Tomatoes are a staple in the Indian diet, be it a vegetarian or a non-vegetarian dish. It has to be a part of each meal in some form. As puree, paste, flavour, or diced into the dal. This tangy, sweet, and juicy ingredient was not always Indian. In fact, it did not even grow in India until the British sanctioned it. It is a product of colonization and has come a long way to become part of our everyday meals.
Originally, the tomato was considered poison. Its actual native is debatable. Some say it is European while others argue that is came from indigenous parts of Spain and Portugal. Either way, it is a plant species that is associated with the legendary Nightshade. It looks very similar to this poisonous plant that tomatoes were not even harvested for a long time, for fear of picking Nightshade instead. It was believed that Nightshade caused the blood to turn to acid and that tomatoes had the same property. Later research proved that the plant itself may be poisonous but the fruit is not.
The fruit if the woody nightshade plant Image source: Wikimedia Commons
Tomato is considered a fruit instead of a vegetable because it is cooked. But this theory has an interesting tale behind it. in the United States, in 1887, a tax was levied on the transport of vegetables, but not on fruits. By then, tomatoes had become a huge part of the American diet and traders could not afford to pay the ten percent duty. So, they began to call the large loads they transported fruits, just to avoid the tax due. In time, this is how the tomato came to be regarded. Some scientists went even further and stated that it is a berry. Botanists claim that since it is a part that grows from the flower's ovary and contains seeds, it is a fruit and not a vegetable. But this is a debate that will never end.
Incorporating tomatoes into the Indian diet must have happened so long ago that people do not remember a time without tomatoes, considering how it is the fundamental ingredient of most cuisines. The tomato has a name in every language as well, so the trading between nations, the voyages that brought them to India, and the decoding of the fruit-vegetable must have taken place far earlier than our ancestors remember. Or, perhaps we liked it so much that we decided to use it everywhere and make it our own. Nonetheless, it has been a delightful addition.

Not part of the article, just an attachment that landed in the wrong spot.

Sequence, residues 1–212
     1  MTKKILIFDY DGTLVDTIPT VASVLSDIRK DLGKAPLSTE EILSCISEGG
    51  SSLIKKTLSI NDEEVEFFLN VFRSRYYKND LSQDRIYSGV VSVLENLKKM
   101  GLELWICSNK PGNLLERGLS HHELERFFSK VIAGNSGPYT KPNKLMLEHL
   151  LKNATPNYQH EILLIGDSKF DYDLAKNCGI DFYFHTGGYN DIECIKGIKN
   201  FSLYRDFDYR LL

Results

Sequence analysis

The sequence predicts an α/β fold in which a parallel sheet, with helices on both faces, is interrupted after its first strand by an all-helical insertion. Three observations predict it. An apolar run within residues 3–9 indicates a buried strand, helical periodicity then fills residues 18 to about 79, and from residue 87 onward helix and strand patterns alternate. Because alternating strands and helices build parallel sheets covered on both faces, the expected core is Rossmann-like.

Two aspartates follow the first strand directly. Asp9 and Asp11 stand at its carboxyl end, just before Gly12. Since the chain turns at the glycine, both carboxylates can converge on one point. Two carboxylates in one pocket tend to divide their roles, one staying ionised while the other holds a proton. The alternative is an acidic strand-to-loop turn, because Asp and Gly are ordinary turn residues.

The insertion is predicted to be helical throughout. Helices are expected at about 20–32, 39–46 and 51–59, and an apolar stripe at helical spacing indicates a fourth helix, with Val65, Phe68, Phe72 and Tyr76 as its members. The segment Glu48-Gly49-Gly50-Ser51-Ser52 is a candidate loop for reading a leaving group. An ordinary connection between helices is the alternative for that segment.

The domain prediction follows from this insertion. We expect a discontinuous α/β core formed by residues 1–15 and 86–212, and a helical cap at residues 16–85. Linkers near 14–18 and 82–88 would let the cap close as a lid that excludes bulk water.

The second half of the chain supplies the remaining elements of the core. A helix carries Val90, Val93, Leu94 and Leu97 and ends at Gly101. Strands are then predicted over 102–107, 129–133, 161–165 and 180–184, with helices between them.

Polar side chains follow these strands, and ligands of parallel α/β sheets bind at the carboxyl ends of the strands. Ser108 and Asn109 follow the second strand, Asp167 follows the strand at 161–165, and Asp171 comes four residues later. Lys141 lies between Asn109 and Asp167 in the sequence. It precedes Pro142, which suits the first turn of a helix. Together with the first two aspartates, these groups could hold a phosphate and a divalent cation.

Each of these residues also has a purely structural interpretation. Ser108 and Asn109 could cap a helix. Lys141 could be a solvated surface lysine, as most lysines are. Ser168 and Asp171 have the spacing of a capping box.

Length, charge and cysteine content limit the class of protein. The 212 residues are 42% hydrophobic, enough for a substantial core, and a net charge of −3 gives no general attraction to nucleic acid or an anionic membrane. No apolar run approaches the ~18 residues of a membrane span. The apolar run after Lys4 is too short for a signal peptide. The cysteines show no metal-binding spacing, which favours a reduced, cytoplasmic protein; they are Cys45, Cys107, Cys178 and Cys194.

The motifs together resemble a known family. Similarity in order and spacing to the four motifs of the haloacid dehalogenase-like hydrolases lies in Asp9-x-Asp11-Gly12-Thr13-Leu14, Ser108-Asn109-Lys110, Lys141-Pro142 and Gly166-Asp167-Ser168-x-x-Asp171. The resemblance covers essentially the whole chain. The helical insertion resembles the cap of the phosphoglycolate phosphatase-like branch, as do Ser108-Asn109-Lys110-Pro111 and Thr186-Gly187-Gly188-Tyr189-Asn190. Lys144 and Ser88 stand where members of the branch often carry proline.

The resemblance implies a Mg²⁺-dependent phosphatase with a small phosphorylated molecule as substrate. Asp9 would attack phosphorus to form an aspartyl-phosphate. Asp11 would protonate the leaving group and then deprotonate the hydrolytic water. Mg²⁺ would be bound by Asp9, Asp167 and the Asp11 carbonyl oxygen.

Keywords: Tomato, Fruit, Vegetable, Nightshade, Voyage, Staple
Every child who grew up in the 90s and the early 00s has certainly grown up around Tom and Jerry, the adorable, infamous cat-chases-mouse cartoon. The idea of naughtiness and playing mischief had the standards that this particular series set for children and defined how much wreckage was funny enough.
The show's creators, William Hanna and Joseph Barbera initially named their characters Jasper and Jinx. They did not plan for the fame that Tom and Jerry brought them when they released a movie by the name of "Puss Gets the Boot". This movie featured a certain cat and mouse who were a notorious pair, named Jasper and Jinx. When the movie became a hit, the names of the characters were changed and the show shot to fame.
Tom and Jerry became a go-to cartoon for children in the early 00s, and it was one of those shows with a firm foundation, that had already been in the running for decades. The original template had been planned nearly 80 years ago, and the makers did not change it. The music that was played in the many episodes, made a breakthrough in its own way. It is the most easily recognizable melody with utterly nostalgic associations.
Today, Tom and Jerry is still a household name in homes where children love cartoons Image credit: wikimedia commons
A set of supporting characters were defined for the show, to occasionally take the focus off the original pair. There was a large, black woman named Mammy Two Shoes and a bulldog who took Jerry's side. Mammy Two Shoes was discontinued because her character portrayed racist tendencies. A tall white woman replaced her, who was kinder and loved mice. Either of the women's faces was never revealed.
Today, Tom and Jerry is still a household name in homes where children love cartoons. There are a host of other shows besides this that aim to replicate the same aspects of the cartoon but do not come close at all. Despite the immense amount of violence in the show, it is a beloved pastime of parents and children alike.
Keywords: Tom and Jerry, Cartoon, Hanna and Barbera, Television